Wednesday, 30 March 2011

On Collecting part 3

As part of the On Collecting art project Pascale Wilson and Rachel Di Biaso deal with ‘truth and untruth’, by mimicking classification systems and display devices.  Pascale has created a mythological creature and Rachel responded to existing artefacts with a contemporary revision of the form.

Julia Flatman, Senior Associate Lecturer, School of Visual Arts


Pascale Wilson




Museums have the authority to tell us what is fact and what is fiction, and the public is very much required to trust what is presented to them. I was inspired by scientific records from the 18th century (pre-digital recording), which were always based on personal observation despite being presented in museums as flawless fact. The style of presentation I’ve used aims to mimic fact while the materials and content reveal invention. It is a comment on the fallibility of history; it aims to subtly and humorously undermine the authority of a museum by presenting a fictional yet believable creature.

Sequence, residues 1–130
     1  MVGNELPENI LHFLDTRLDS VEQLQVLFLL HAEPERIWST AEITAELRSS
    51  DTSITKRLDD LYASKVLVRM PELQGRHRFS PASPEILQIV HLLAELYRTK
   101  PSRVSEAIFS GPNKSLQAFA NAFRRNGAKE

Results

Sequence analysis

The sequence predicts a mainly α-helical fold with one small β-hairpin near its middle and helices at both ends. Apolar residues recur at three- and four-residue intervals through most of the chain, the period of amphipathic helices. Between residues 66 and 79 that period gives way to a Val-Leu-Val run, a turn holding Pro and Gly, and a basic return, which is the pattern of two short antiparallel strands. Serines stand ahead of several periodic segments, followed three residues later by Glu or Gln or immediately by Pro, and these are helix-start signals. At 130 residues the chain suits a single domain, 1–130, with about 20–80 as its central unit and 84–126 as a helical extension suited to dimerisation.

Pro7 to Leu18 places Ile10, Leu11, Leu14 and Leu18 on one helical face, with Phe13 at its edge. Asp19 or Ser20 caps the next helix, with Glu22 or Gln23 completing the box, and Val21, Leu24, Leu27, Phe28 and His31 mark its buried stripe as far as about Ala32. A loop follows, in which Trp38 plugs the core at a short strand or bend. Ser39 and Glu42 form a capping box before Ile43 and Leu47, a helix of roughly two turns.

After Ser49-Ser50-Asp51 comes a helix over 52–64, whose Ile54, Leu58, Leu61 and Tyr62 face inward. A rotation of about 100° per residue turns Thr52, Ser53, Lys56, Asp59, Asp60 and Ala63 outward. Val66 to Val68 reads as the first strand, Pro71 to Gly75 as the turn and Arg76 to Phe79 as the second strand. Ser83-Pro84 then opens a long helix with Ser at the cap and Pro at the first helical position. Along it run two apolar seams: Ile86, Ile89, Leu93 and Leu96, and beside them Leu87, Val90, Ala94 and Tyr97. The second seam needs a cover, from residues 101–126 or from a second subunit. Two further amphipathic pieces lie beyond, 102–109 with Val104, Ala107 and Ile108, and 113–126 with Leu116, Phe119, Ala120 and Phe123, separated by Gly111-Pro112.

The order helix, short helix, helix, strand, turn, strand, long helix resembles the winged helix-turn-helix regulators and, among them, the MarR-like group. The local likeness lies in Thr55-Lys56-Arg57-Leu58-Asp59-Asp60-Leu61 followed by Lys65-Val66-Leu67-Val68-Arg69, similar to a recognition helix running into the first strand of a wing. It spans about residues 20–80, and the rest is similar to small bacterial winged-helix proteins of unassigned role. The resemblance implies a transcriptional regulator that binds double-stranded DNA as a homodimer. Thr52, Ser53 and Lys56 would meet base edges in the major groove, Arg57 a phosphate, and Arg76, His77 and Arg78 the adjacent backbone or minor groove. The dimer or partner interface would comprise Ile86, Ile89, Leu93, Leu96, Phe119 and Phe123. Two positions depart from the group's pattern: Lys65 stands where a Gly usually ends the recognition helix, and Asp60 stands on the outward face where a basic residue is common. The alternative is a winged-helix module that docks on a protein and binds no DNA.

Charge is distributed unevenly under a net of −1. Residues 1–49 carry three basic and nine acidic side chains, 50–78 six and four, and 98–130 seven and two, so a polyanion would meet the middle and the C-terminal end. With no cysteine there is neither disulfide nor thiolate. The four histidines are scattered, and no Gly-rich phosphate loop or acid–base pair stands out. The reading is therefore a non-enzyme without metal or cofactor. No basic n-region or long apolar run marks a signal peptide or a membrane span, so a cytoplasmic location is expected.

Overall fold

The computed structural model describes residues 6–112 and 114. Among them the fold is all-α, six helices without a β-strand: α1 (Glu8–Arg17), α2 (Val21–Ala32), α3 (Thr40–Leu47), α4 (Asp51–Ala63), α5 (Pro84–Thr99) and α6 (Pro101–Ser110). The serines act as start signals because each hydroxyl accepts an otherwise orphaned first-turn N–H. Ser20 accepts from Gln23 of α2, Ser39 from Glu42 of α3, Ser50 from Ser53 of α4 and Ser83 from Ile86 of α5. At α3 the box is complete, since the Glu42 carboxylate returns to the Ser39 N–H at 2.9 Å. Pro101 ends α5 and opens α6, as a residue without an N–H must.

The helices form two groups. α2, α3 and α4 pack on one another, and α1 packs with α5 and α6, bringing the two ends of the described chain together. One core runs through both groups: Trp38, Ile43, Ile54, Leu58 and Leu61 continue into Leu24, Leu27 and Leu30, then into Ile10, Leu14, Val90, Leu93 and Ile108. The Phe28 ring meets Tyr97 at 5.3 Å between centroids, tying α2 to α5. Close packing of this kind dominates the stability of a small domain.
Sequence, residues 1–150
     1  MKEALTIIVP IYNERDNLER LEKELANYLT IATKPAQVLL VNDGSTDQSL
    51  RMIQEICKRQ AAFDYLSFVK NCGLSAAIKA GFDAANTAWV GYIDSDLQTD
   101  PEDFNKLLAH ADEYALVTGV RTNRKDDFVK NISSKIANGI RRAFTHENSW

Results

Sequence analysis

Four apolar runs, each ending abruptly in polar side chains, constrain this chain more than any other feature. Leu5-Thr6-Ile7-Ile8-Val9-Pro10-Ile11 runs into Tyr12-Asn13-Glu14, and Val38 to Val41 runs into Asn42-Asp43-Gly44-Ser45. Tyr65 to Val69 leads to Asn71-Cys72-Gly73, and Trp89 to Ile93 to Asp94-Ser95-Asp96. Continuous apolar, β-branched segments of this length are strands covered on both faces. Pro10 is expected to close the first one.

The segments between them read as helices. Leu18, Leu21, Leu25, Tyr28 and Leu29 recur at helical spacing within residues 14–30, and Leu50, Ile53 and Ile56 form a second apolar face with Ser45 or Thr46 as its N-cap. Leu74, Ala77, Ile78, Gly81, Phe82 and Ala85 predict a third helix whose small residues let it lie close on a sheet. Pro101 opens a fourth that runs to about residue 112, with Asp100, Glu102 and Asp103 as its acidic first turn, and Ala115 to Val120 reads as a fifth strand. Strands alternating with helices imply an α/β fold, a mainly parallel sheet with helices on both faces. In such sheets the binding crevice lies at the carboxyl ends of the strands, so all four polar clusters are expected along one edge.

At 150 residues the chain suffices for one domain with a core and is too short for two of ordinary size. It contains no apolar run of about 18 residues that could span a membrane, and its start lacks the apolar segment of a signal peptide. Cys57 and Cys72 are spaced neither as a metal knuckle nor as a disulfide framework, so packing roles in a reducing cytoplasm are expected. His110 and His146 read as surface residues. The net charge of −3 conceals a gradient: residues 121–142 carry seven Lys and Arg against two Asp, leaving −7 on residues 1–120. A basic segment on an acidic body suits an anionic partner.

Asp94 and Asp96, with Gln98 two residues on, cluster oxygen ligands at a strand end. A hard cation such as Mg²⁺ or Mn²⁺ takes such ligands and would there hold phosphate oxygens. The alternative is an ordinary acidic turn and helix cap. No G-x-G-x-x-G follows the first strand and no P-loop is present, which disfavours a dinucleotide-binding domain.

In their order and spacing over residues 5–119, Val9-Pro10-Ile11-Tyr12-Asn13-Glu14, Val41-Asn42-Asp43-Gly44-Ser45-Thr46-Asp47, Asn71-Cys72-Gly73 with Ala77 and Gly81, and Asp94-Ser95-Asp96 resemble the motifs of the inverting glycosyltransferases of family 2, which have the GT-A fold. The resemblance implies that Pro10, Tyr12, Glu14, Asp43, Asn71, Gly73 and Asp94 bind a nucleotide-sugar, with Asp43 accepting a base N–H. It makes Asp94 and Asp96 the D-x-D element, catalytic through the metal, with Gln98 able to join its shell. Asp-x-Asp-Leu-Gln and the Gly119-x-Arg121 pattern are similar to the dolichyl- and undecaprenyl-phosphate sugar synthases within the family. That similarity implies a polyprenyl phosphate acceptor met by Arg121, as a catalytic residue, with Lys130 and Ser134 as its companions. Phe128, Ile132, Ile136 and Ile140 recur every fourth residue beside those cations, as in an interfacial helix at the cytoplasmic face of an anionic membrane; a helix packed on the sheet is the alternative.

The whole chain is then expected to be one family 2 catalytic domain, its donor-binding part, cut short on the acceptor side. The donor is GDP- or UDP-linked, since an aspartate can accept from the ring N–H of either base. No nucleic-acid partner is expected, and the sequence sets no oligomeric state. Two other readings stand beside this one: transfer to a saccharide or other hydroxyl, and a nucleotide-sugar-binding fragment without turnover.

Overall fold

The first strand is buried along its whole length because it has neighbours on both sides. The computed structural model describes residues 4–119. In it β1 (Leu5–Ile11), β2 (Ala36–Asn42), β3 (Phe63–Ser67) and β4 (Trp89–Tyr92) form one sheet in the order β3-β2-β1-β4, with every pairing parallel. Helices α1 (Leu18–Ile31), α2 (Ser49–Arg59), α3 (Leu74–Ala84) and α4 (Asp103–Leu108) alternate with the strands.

Rachel Di Biaso


The museum itself provides an atmosphere of authenticity and value to the objects it houses. These official truths are often unchallenged or contested.  The artefacts within seek to demonstrate both ethnographic and anthropological understanding. By selecting a variety of genuine Museum artefacts I sought to construct contemporary equivalents using the same devices of labelling and display to confer authenticity.


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